POV told LifeSiteNews, "We do believe that 'After Tiller' adds another dimension to an issue that is being debated widely." Asked if POV will show a pro-life documentary, the organization said that it "does not have any other films currently scheduled on this issue. POV received almost 1000 film submissions each year through our annual call for entries and we welcome the opportunity to consider films with a range of points of view."

When asked whether POV was concerned about alienating its viewership -- since PBS received millions in federal tax dollars in 2012 and half of Americans identify as pro-life -- POV said, "The filmmakers would like the film to add to the discussion around these issues. Abortion is already a legal procedure."

Click "like" if you are PRO-LIFE!

"This is an issue that people feel passionately about and will have a passionate response to. We are hopeful that the majority of people can see it for what it is, another lens on a very difficult issue." 

In addition to the documentary, POV has written materials for community leaders and teachers to share. A cursory examination of the 29-page document, which is available publicly, appears to include links to outside sources that defend Roe v. Wade, an examination of the constitutional right to privacy, and "a good explanation of the link between abortion law and the right to privacy," among other information.

Likewise, seven clips recommended for student viewing -- grades 11 and beyond -- include scenes where couples choose abortion because the children are disabled. Another shows pro-life advocates outside a doctor's child's school, and a third is described as showing "why [one of the film's doctors] chose to offer abortion services and includes descriptions of what can happen when abortion is illegal or unavailable, including stories of women who injured themselves when they tried to terminate their own pregnancies and children who were abused because they were unwanted."

Another clip "includes footage of protesters, as well as news coverage of a hearing in the Nebraska State Legislature in which abortion opponents make reference to the idea that a fetus feels pain." The clip's description fails to note that it is a scientifically proven fact that unborn children can feel pain.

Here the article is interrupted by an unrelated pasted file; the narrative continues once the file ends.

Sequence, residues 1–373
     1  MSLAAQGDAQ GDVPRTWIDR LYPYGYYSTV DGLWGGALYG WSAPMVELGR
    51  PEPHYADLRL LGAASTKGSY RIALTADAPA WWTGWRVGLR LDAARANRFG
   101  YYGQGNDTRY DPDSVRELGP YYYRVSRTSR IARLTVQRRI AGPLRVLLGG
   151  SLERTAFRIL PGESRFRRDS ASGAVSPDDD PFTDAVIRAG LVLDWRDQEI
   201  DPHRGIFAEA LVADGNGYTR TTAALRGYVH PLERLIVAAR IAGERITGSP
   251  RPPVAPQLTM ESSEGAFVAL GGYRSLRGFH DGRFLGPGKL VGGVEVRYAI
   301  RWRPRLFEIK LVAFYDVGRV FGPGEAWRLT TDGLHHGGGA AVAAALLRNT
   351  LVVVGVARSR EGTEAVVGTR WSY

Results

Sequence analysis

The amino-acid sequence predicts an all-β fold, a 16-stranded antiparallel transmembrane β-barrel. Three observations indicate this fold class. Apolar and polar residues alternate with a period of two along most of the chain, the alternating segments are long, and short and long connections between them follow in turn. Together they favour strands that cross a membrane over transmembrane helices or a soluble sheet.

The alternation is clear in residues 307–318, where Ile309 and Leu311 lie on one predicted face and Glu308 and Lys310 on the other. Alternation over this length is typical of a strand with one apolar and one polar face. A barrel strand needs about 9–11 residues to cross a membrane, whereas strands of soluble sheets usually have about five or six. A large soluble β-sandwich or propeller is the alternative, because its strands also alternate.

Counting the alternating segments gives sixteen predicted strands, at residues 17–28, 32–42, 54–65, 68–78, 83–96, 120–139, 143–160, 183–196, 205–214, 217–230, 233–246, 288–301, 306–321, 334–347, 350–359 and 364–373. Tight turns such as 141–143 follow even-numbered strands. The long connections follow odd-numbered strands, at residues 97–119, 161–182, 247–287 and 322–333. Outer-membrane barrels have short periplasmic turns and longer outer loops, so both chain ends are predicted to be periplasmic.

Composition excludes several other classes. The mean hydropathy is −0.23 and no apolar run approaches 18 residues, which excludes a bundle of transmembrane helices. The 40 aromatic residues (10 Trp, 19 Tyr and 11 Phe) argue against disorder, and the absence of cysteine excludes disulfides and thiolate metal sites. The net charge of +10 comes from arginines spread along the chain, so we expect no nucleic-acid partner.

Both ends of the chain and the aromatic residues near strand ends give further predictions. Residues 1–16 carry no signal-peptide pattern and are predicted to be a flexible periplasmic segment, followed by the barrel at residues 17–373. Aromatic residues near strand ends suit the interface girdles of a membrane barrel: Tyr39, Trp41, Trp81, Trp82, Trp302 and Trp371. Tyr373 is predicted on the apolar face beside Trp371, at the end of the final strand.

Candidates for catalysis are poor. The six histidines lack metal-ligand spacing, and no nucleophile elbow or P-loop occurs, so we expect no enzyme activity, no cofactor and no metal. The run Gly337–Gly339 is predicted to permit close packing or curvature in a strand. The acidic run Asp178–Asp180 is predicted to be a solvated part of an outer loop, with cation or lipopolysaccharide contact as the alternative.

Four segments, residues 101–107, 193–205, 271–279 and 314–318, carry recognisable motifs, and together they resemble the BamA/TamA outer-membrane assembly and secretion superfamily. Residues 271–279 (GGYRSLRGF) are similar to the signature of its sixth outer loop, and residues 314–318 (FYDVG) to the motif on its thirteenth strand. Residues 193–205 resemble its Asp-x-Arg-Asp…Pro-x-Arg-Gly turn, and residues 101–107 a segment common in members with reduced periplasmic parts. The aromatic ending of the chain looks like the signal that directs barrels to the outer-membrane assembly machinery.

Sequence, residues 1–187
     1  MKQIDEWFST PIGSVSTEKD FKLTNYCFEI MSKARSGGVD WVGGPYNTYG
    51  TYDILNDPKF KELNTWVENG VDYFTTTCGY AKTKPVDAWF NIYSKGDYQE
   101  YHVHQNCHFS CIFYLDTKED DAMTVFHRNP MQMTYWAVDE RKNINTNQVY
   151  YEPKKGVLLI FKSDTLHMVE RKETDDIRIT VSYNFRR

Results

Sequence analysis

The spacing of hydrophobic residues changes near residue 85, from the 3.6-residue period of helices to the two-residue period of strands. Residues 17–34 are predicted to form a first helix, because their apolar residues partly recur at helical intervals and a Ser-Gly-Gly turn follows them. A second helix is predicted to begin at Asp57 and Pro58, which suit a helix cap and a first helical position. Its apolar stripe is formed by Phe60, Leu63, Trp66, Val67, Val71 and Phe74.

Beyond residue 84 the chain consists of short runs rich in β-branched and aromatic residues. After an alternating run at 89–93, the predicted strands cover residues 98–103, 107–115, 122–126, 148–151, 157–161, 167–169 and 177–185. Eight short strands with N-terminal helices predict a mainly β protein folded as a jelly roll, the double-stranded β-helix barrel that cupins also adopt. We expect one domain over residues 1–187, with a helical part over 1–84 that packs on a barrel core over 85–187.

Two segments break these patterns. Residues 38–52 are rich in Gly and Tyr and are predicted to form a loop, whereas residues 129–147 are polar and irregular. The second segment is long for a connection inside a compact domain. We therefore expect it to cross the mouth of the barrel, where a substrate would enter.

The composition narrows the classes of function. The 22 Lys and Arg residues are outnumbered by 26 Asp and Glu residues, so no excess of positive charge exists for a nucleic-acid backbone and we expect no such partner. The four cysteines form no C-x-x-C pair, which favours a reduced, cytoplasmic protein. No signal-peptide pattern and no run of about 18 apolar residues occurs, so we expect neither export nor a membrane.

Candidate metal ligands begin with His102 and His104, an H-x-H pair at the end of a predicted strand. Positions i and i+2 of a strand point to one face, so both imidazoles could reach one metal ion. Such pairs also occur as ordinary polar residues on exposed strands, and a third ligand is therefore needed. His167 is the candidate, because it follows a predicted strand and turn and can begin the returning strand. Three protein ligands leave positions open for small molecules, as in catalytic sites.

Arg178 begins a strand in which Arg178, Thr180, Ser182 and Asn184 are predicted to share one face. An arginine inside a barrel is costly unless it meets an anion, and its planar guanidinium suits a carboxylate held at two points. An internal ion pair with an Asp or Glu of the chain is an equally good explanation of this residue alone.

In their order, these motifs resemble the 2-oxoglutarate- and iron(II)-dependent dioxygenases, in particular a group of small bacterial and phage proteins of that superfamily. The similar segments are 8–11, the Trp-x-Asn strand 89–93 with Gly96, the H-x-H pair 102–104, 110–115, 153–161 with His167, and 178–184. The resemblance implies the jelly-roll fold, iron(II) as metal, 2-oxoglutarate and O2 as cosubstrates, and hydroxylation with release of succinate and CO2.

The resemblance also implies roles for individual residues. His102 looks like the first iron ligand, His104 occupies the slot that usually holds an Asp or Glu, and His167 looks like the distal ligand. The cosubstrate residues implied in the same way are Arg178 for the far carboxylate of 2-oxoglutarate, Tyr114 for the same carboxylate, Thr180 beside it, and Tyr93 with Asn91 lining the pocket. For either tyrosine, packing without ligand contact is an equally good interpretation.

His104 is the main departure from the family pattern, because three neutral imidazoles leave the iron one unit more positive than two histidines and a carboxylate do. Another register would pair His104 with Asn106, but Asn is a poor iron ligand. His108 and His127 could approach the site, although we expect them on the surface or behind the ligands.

The documentary is set to air on PBS at 10 p.m. Eastern on Labor Day.

Kirsten Andersen contributed to this article.

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Pete Baklinski Pete Baklinski Follow Pete

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He defended ‘real’ marriage, and then was beheaded for it

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By Pete Baklinski

A Christian man was executed during the night by a high-profile ruler after making an uncompromising defense of real marriage.

The Christian, who was renowned for his holiness, had told the ruler in public that his relationship with his partner was “against the law” of God. The Christian’s words enraged the ruler’s partner who successfully plotted to have him permanently silenced.

John the Baptist was first imprisoned before he was beheaded. The Catholic Church honors him today, August 29, as a martyr and saint.

While John’s death happened a little less than 2,000 years ago, his heroic stance for real marriage is more pertinent today than ever before.

According to the Gospel of Mark, the ruler Herod had ‘married’ his brother’s wife Herodias. When John told Herod with complete frankness, “It is against the law for you to have your brother’s wife,” Herodias became “furious” with him to the point of wanting him killed for his intolerance, bullying, and hate-speech.

Herodias found her opportunity to silence John by having her daughter please Herod during a dance at a party. Herod offered the girl anything she wanted. The daughter turned to her mother for advice, and Herodias said to ask for John’s head on a platter.

Those who fight for real marriage today can learn three important lessons from John’s example.

  1. Those proudly living in ungodly and unnatural relationships — often referred to in today’s sociopolitical sphere as ‘marriage’ — will despise those who tell them what they are doing is wrong. Real marriage defenders must expect opposition to their message from the highest levels.
  2. Despite facing opposition, John was not afraid to defend God’s plan for marriage in the public square, even holding a secular ruler accountable to this plan. John, following the third book of the Hebrew Bible (Leviticus 20:21), held that a man marrying the wife of his brother was an act of “impurity” and therefore abhorrent to God. Real marriage defenders must boldly proclaim today that God is the author of marriage, an institution he created to be a life-long union between one man and one woman from which children arise and in which they are best nurtured. Marriage can be nothing more, nothing less.
  3. John did not compromise on the truth of marriage as revealed by God, even to the point of suffering imprisonment and death for his unpopular position. Real marriage defenders must never compromise on the truth of marriage, even if the government, corporate North America, and the entire secular education system says otherwise. They must learn to recognize the new “Herodias” of today who despises those raising a voice against her lifestyle. They must stand their ground no matter what may come, no matter what the cost.

John the Baptist was not intolerant or a bigot, he simply lived the word of God without compromise, speaking the word of truth when it was needed, knowing that God’s way is always the best way. Were John alive today, he would be at the forefront of the grassroots movement opposing the social and political agenda to remake marriage in the image of man.

Click "like" if you want to defend true marriage.